Now we command you, brethren, in the name of our Lord Jesus Christ, that ye withdraw yourselves from every brother that walketh disorderly, and not after the tradition which he received of us.
In the name of our Lord Jesus Christ, when ye are gathered together, and my spirit, with the power of our Lord Jesus Christ, To deliver such a one unto Satan for the destruction of the flesh, that the spirit may be saved in the day of the Lord Jesus. Your glorying is not good.
Yesterday I witnessed these clear passages at work. I witnessed Christians, who had prayed and wept and reached and prayed some more—I witnessed them rejoicing as a strapping brother walked down the aisle. He started his walk before the song we were singing to encourage him even began. He beat the elders to the front; the ones who were on their way down front to take the hand of any one who came forward. I watched one of those elders weeping. I heard the statement of the erring brother; clear and humble and penitent, and I watched his family in the Lord embrace him and rejoice. It was a long time coming and it was eternal in its result.
It had been one week since the announcement had been made of his pending withdrawal of the fellowship of a congregation that loves him deeply. One week of praying and pleading with him. One week of inner turmoil and decisions to make on his part.
Why would anyone believe that we can ignore passages to withdraw our fellowship from those who become impenitent and hardened in sin? Notice some key words in the verses above that are taken from First Corinthians five and Second Thessalonians three:
we command you
in the name of our Lord, Jesus
In the name of our Lord Jesus.
when you are gathered with the power of our Lord Jesus Christ
for the destruction of the flesh
that the spirit may be saved
Your glorying is not good.
How could we ever even presume to say that we are following, as congregations, His will and incurring His full blessings when generations have gone by seeing Christians walk away into sins of all kinds—living and then dying in them—while we ignore passages that begin with a command to do something in the name of the Lord Jesus?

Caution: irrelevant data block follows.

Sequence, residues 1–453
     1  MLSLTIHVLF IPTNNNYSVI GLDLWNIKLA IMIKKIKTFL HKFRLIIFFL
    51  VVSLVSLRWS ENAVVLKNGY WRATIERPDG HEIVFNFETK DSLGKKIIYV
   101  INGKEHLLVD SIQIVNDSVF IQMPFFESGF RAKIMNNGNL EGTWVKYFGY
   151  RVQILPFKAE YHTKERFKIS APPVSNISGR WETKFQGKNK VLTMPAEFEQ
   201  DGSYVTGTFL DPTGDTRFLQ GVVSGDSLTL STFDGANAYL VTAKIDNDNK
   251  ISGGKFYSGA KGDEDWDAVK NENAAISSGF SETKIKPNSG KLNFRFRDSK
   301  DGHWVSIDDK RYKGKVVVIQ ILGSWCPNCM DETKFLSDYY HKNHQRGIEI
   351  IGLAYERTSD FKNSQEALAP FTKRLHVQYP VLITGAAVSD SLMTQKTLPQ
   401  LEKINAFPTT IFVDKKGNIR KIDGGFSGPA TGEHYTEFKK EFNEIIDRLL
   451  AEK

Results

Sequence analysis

If you are a part of a congregation that lovingly obeys this immediately hard and eternally powerful command, you are blessed in a rare and comforting way. It’s purposes, in the context of these passages, is two-fold: purity of the church and penitence-provoking in behalf of the lost one. If you are a part of such a congregation, give deep and introspective thought before leaving such a church. (I know your reasons could be many and that this is not the only important New Testament command for churches.) One day the soul in jeopardy may be your own and you want to be part of a community of Christians under faithful shepherds who are weeping and coming for you when you are walking away from holiness. You want late-night, prayerful, living-room elders who are bound to Inspiration’s path of bringing lost brethren (and sisters) back.
True, sometimes the impenitence persists and the withdrawal is complete and the lost soul never returns. The Lord will not force a soul go to heaven. (This whole blog and my whole life would be an exercise in futility if this earth were not the testing ground for faithfulness.) But, even in cases where the purpose of a soul’s salvation is not achieved, the purpose of the purity of the church is not thwarted.
Don’t take the blessing lightly if you have shepherds who bravely lead in discipline in a who-are-you-to judge-me world.
And if you do not have the blessing, and you are proud of the “loving environment that would never presume to call out sin”, Your glorying is not good.